The spectacular eruption of Krakatoa in the Sunda Strait in August, 1883 ejected about 20 cubic kilometers of debris almost 40 kilometers high into the atmosphere, with fine particles traveling west, circling the globe several times over the course of two years, cooling the atmosphere while producing globally spectacular sunsets. Krakatoa was several orders of magnitude greater than the eruption of Mt. Saint Helens, (listed as a VEI-5 on the Volcanic Explosivity Index, which ejected about 1 cubic kilometer of material) with Krakatoa being listed as a VEI-6. By comparison, Krakatoa was dwarfed by the 1815 eruption of Tambora, also located in Indonesia and was the largest volcanic eruption in the last 10,000 years. Its eruption was listed as a VEI-7 and it ejected over 150 cubic kilometers of material. The only volcanoes larger than Tambora are supervolcanic eruptions (VEI-8) which eject at least 1000 cubic kilometers of material. There are three known supervolcanoes: Yellowstone in Wyoming, Taupo in New Zealand and Toba in Indonesia. The last major eruption of a supervolcano took place before historical records exist, approximately 26,000 years ago.

Tambora’s effect on the climate was spectacular and deadly for the globe. It reduced global temperatures 0.7 – 1.3 degrees F which equals the impact of all man-made climate change to date. Of all the volcanic eruptions by volume since 1800, Tambora accounts for almost 2/3 of the total volume and includes 60 megatons of sulfur dioxide ejected into the stratosphere, which caused an average drop in northern hemisphere temperatures of 5.4 degrees F. The year 1815-16 was called “the year without a summer,” produced snow in New England in June, prolonged, frost throughout the summer in northern latitudes, overcast, gloomy skies in Europe and global famine, disease and civil disorder. (The gloomy weather also inspired Mary Shelley to write the horror novel Frankenstein while “summering” at Lake Geneva, Switzerland.) Tambora’s eruption had the explosive equivalent of an 800 megaton thermonuclear explosion. The largest man-made nuclear device was built by the former Soviet Union/Russia (the “Tsar Bomba”) during the Cold War and was rated at 50 megatons. The United States’ largest nuclear detonation conducted at the Pacific Test Site and was about 10 megatons. The Hiroshima bomb was rated at about 0.2 megatons. Tambora dwarfed them all and registered an estimated 9.5 on the earthquake Richter Scale, larger than any known and recorded earthquake.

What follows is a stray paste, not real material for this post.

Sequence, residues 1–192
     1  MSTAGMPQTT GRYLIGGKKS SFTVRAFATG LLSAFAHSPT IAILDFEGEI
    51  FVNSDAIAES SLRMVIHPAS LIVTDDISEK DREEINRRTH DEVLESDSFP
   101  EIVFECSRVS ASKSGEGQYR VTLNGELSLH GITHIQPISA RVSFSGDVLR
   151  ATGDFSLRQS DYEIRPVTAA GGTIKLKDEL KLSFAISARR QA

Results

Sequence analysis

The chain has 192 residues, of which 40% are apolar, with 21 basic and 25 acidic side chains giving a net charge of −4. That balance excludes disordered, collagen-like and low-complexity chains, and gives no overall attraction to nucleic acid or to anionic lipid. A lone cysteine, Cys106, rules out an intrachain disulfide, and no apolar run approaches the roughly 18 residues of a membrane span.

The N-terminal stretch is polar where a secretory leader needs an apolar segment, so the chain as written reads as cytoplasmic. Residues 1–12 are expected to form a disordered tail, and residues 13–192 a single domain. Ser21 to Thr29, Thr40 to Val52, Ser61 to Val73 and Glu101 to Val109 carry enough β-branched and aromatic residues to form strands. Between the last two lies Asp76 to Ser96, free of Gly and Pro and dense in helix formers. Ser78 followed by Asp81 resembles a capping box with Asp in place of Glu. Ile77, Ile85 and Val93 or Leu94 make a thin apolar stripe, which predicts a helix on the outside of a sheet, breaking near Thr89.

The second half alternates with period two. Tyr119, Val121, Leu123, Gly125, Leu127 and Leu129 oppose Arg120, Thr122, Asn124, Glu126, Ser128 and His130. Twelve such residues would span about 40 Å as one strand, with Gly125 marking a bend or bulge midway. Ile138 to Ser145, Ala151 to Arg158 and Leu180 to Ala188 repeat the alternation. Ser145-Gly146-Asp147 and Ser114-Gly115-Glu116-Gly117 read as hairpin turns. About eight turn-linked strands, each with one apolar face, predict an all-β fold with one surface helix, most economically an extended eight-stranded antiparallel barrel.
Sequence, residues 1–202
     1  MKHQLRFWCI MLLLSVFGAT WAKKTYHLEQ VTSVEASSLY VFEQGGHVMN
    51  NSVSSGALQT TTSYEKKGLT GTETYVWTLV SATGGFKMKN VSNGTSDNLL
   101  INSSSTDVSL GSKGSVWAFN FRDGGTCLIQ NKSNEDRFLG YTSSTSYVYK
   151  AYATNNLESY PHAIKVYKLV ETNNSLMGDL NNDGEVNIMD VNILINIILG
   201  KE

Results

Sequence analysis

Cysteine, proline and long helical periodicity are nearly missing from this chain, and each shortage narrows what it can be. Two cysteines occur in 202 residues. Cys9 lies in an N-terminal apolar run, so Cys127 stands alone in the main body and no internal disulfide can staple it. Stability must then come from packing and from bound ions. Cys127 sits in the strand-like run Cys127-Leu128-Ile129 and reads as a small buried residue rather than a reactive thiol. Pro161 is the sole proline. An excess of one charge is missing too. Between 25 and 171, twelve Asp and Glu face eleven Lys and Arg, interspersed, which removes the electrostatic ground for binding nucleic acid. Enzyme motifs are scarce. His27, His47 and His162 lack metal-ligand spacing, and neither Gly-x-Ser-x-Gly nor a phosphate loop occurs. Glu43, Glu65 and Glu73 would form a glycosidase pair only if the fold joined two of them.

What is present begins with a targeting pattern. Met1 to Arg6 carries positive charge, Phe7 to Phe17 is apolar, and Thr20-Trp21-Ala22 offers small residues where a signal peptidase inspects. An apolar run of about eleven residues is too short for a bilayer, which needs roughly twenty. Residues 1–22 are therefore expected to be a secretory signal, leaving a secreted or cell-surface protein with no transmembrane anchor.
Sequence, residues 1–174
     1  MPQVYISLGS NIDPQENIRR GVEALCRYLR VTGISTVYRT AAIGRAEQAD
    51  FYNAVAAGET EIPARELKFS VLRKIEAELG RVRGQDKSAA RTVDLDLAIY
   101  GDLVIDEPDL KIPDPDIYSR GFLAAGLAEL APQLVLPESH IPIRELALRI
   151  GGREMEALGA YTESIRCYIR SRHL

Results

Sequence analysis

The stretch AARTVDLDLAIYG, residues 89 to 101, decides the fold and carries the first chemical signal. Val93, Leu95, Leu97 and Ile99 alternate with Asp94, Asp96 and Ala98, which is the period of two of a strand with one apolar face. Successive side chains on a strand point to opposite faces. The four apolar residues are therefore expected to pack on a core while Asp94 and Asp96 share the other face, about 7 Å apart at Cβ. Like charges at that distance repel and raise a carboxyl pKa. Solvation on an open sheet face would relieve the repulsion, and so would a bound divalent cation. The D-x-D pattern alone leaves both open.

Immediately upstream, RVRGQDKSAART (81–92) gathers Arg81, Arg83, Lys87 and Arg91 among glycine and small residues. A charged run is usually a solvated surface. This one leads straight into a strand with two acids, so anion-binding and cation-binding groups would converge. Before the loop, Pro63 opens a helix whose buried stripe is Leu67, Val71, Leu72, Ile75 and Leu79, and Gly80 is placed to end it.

Climate alarmists are quick to discount natural forces such as volcanic activity, preferring human causes as explanations to increases in CO2 and climate extremes. Our climate is complex and often violent. Atmospheric River storms, (ARK storms) such as the 1862 megaflood in California would be ascribed to manmade climate change today, although CO2 emissions were negligible at that time. That storm dumped 10 feet of rain and snow on the Central Valley and the Sierras in 43 days, creating an inland sea 300 miles long and 60 miles wide, bankrupting the new State of California. Geological records show such storms occurred nine other times in California between AD 212 and AD 1862 with a 50-50 chance of another such storm occurring before 2060. Keep your life-jacket handy.